Feb. 24, 2018 – So how does someone turn tree sap into golden, delicious syrup? First, dig through the snow in your yard to find the fire pit. We actually had about a foot of snow, so I ended up snow blowing a path around the house. Once I found the pit, I decided to melt the snow in the pit so it’d be ready when I began boiling the sap. It took quite a few fire starters to burn through the wet wood, but after a while, the pit was ready.
The first weeks sap wasn’t much, but every day after school I greatly anticipated seeing how much new sap I received. I believe the first week’s haul was about 12 gallons of sap, but that was only about eight taps from two frees. You have to keep the sap cold, otherwise it will spoil, so I tried to pile up snow around it in case we had warmer days. It will freeze, so my planning was around getting it to be just above freezing the day before making syrup. Sap looks and flows like water, but has a hint of sweet to it.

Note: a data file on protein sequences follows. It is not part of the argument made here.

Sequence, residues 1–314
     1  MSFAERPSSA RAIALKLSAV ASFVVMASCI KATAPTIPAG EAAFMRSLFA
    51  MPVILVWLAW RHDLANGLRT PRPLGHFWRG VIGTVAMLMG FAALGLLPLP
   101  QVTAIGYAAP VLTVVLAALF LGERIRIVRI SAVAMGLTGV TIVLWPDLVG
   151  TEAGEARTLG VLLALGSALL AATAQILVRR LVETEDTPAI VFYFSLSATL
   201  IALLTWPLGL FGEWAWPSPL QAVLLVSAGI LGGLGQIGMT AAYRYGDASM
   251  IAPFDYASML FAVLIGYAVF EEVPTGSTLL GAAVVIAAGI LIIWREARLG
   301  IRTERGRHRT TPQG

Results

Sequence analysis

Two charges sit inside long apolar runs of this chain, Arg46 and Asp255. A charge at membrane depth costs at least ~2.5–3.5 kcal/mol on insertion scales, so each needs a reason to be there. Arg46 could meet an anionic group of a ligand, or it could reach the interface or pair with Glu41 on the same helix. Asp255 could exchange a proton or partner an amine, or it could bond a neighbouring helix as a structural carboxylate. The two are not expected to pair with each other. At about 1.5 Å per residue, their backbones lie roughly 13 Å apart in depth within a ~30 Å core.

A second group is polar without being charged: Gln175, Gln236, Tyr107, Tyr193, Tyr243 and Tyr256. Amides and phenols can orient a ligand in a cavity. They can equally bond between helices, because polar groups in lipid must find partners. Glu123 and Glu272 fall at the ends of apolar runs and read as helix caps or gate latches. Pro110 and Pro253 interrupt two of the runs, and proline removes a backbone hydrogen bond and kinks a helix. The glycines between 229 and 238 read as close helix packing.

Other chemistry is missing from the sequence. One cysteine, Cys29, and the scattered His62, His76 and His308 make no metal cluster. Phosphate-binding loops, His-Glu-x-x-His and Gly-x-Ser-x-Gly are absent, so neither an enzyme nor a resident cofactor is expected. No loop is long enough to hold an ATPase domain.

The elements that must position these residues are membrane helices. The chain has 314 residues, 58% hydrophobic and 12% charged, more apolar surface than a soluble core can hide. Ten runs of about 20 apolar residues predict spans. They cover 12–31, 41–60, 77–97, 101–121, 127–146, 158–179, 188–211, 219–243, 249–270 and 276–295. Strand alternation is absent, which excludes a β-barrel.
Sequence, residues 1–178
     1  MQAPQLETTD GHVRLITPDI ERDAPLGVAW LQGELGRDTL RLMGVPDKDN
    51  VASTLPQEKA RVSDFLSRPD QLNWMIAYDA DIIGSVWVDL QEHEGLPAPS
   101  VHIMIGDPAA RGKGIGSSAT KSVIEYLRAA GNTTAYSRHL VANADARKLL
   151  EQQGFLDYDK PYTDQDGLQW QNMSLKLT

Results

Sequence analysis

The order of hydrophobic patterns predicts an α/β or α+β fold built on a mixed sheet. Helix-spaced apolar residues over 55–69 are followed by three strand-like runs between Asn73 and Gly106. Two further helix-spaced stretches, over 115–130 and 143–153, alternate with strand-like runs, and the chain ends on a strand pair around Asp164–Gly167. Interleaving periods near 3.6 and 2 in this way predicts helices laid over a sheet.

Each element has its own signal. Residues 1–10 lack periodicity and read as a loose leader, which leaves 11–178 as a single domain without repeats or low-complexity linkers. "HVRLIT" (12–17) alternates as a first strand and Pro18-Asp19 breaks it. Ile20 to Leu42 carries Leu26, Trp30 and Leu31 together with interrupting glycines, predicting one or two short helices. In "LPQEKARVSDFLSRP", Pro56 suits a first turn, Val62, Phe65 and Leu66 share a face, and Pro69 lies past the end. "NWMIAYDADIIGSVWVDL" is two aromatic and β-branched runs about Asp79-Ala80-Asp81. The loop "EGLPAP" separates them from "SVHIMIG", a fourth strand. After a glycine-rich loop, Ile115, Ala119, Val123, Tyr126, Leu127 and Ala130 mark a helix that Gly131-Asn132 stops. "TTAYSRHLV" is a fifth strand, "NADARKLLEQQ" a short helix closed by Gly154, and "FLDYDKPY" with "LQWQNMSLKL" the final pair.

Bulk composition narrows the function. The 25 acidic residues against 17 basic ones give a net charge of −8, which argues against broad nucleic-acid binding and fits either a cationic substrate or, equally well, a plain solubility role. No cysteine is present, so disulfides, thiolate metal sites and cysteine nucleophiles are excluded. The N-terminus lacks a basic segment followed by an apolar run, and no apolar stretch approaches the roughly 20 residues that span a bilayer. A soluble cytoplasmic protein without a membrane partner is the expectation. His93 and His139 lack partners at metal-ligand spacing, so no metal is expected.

Maple taps used to only be metal and are called spiles. The more modern invention is a plastic tap that, after drilling the correct sized hole in the tree, you stick in and brings the sap through a plastic hose into your container of choice. I chose milk jugs because they were food-grade and plentiful in our growing household.
Did you know? While sugar maple trees are often used the most due to their higher sugar to water ratio, other types of trees can be tapped too, including red and silver maples (what I have), hickory, birch, box elder, and walnut!